Representatives from Riverbend Development met with Forest Lakes residents Tuesday to continue discussions about the proposed Brookhill neighborhood. The mixed-use development would border Forest Lakes South and extend to the corner of U.S. 29 and Polo Grounds Road in northern Albemarle County.
This was the developers’ second meeting with neighbors. Since that April meeting, the development team has submitted the application plan for a rezoning to county officials.
“We are asking for a rezoning to the Neighborhood Model district,” said Ashley Davies, a planner with Williams Mullen law firm. “We have an application that shows what the overall layout will look like. It gives the county a general indication about how we’re committed to developing the site.”
Davies emphasized that the plans being shown thus far are conceptual in nature.
“If the rezoning gets approved, then we can move into the more detailed phases of site plans and subdivision plats,” she said.
Much of the meeting was spent covering the main area of concern of residents — a road connecting Brookhill to Ashwood Boulevard, the main entrance to Forest Lakes South.
“The Ashwood connection is owned by the county,” said Alan Taylor, president of Riverbend Development. “The county’s master plan shows a connection between Polo Grounds Road and Highway 29. We are required to show it.”
Area residents expressed concern that the connection to Ashwood could increase traffic in the neighborhood dramatically. However, according to data from a traffic modeling plan required by the Virginia Department of Transportation, Brookhill traffic is expected to be relatively low on the Ashwood connector road.
The majority of morning traffic from Brookhill, about 80 percent, is expected to turn south on U.S. 29 from the development’s main exit, located south of Ashwood. Other residential traffic is expected to use Polo Grounds Road.
“The model estimates that approximately 5 percent of Brookhill traffic will be using [the Ashwood] connector road during peak hours in the morning and afternoon,” Taylor said.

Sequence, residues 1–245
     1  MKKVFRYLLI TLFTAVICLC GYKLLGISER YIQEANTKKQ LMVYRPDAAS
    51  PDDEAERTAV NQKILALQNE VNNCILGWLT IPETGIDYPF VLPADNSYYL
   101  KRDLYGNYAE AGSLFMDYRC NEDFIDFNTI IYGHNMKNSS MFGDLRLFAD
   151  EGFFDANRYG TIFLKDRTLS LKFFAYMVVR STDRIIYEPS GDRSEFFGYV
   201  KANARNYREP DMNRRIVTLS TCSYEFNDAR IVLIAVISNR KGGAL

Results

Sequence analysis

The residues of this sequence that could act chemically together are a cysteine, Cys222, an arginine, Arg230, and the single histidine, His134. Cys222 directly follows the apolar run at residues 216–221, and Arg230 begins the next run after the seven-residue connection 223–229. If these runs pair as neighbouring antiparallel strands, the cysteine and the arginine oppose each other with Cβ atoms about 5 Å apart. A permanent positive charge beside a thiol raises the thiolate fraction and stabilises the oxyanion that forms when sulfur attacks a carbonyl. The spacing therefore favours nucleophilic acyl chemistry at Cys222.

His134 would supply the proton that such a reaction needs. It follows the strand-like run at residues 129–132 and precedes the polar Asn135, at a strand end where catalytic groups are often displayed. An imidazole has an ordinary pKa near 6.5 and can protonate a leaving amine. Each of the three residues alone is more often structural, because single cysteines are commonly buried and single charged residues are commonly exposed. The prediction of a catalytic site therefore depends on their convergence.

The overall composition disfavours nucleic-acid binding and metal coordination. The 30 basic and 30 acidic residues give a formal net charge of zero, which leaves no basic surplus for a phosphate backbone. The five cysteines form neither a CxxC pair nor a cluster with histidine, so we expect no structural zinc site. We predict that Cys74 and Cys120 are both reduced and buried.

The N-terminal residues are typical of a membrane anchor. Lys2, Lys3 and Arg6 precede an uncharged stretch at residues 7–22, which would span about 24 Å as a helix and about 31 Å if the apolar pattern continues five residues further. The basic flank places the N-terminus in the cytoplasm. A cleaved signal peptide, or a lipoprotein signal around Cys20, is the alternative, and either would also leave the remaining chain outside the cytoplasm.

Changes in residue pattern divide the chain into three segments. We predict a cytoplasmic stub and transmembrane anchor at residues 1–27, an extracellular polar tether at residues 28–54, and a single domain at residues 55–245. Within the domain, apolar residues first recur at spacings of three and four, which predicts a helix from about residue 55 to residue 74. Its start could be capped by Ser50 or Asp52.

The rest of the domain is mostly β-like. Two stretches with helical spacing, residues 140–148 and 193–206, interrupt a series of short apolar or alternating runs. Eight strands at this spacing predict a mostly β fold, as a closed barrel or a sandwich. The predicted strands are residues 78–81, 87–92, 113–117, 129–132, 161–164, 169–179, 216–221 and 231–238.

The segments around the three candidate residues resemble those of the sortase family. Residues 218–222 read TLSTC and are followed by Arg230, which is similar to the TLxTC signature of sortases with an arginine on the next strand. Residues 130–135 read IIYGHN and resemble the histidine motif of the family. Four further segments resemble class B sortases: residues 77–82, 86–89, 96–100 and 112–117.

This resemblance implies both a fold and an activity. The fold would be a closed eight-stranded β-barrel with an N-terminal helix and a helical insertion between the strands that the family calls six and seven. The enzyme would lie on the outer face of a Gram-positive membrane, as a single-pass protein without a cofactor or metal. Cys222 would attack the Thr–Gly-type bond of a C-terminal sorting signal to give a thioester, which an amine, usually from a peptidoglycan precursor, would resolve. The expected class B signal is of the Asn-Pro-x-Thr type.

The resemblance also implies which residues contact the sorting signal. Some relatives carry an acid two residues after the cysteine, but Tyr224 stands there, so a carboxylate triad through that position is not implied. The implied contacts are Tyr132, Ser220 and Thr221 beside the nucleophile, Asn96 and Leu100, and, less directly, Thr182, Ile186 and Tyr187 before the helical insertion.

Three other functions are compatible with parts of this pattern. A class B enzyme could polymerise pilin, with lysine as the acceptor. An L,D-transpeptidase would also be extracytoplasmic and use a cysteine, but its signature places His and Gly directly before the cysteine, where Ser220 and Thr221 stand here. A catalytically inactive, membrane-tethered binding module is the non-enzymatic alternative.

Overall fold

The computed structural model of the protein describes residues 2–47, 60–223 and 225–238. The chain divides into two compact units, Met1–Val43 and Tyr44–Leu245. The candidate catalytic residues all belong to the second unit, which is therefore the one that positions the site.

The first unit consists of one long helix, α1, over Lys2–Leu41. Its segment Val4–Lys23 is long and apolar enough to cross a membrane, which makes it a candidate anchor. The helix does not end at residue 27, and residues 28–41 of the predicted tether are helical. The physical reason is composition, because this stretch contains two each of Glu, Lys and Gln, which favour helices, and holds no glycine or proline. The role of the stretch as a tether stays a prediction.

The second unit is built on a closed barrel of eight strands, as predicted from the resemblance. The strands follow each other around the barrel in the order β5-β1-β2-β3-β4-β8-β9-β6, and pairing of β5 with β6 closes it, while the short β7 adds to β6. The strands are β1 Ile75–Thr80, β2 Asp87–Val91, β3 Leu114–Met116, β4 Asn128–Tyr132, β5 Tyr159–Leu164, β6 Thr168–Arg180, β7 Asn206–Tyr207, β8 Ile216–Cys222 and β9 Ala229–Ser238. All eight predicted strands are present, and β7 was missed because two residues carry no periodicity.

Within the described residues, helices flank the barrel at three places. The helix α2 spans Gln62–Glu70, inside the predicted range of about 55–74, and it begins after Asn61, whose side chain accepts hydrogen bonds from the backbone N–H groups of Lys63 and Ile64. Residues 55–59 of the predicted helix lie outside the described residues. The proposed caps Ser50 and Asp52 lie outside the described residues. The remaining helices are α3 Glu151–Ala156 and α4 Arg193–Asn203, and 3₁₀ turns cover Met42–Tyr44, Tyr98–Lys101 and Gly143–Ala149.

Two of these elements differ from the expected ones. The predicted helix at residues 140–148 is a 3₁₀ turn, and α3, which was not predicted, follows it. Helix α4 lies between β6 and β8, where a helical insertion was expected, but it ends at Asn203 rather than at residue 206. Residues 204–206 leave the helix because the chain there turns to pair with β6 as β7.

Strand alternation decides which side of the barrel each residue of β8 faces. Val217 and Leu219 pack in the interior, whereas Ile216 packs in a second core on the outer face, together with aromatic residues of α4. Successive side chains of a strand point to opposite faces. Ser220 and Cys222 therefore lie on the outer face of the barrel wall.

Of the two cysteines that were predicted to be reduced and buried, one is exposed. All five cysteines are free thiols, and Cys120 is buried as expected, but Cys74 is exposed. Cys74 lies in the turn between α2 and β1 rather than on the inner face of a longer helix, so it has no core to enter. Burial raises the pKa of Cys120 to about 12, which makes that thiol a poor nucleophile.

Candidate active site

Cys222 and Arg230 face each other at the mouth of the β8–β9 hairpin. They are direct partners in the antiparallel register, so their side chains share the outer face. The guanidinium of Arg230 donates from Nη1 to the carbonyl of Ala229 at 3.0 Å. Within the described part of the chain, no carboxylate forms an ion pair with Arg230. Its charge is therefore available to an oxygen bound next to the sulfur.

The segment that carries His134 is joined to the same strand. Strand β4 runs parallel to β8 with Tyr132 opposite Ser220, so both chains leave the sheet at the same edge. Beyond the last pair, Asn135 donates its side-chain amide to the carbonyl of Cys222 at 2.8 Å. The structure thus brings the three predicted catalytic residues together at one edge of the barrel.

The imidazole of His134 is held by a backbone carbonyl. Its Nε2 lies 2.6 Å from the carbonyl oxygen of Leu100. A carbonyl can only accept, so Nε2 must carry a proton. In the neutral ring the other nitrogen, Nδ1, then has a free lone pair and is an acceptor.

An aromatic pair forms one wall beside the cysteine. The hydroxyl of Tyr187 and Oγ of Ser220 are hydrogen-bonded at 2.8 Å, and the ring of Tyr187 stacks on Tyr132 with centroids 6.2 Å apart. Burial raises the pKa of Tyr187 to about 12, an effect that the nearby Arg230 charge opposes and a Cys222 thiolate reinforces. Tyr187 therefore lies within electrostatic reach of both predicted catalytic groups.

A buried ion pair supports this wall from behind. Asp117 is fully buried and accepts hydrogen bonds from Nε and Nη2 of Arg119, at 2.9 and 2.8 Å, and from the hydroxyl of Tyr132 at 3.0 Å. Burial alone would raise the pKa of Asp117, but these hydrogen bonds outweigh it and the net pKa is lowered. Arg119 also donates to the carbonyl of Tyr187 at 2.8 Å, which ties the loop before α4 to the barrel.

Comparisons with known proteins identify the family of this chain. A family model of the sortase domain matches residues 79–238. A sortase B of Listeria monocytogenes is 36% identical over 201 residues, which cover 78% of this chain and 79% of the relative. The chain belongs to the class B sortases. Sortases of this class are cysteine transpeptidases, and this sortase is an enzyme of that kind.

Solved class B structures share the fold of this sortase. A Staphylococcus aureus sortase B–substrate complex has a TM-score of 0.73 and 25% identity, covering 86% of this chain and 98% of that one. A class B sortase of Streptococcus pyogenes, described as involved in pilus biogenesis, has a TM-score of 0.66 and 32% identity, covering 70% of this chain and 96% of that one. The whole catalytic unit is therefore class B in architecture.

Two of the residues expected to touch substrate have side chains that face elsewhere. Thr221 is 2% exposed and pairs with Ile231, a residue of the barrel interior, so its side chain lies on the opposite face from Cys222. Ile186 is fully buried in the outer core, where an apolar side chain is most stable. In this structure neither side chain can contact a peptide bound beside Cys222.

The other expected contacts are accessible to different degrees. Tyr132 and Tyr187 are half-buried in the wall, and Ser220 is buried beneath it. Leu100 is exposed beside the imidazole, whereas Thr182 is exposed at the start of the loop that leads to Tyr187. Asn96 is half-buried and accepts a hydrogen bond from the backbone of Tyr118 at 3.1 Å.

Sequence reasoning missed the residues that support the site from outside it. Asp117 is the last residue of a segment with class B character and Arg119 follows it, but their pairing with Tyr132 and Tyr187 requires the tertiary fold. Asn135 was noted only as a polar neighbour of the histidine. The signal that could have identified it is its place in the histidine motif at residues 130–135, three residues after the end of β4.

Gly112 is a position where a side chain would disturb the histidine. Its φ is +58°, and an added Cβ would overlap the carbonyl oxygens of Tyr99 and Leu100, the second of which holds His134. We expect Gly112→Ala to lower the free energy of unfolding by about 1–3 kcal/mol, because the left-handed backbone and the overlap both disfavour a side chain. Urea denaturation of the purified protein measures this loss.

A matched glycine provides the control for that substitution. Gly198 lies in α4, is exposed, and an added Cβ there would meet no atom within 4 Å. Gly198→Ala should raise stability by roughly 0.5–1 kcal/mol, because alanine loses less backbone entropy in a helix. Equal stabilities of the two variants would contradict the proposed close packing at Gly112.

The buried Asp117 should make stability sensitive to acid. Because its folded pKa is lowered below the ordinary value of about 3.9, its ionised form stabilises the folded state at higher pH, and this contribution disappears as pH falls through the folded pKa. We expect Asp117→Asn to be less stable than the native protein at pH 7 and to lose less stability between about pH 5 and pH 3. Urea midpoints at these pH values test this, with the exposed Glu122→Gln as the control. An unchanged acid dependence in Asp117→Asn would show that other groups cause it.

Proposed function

Many of the vehicles using the connector road are expected to use it to access Hollymead Elementary and Sutherland Middle schools, located off Ashwood Boulevard on Powell Creek Drive.
Other elements of the conceptual design for Brookhill include a 40-acre neighborhood center with shops, restaurants, green space and access to community amenities like a pool and tennis courts. Higher-density housing will surround the commercial center.
The development team said open space will occupy a large portion of the land to protect natural resources.
“The stream system that flows to the Rivanna [River] has been a huge consideration for the design team,” Davies said. “We want to disturb those areas as little as possible. Because of that, a really unique feature is that we’ll have over 100 acres of open space, about one-third of the total property.”
The land around the streams will be part of a trail system, which the developer hopes to open to the public and build a network with surrounding trails. The majority of the land will be used for single-family homes of varying lot sizes and construction styles.
The Brookhill developers also are studying neighboring properties to ensure their mixed-use development compliments the surrounding areas.
“If you pan back, we’re trying to match the pattern of development in this area while transitioning toward 29,” Taylor said. “We want to create a neighborhood center and neighborhood amenities that link into the trail system.”
In addition to Forest Lakes, the developers have met with residents of nearby neighborhoods, including Belvedere and Montgomery Ridge, to discuss their ideas for the property.
“We think it’s more important to have face time with people are directly impacted in smaller groups so we can have these types of conversations,” Davies said.
The next step in the development process for Brookhill will be a community meeting, required by the county as part of the rezoning application process. The meeting is expected to be held within the next month and will be open to the public.
“We want to keep in touch with all the area neighborhoods,” Davies said. “We’ll come back as often as you want to see us and give you updates on where we are in the process. We want to hear your feedback along the way.”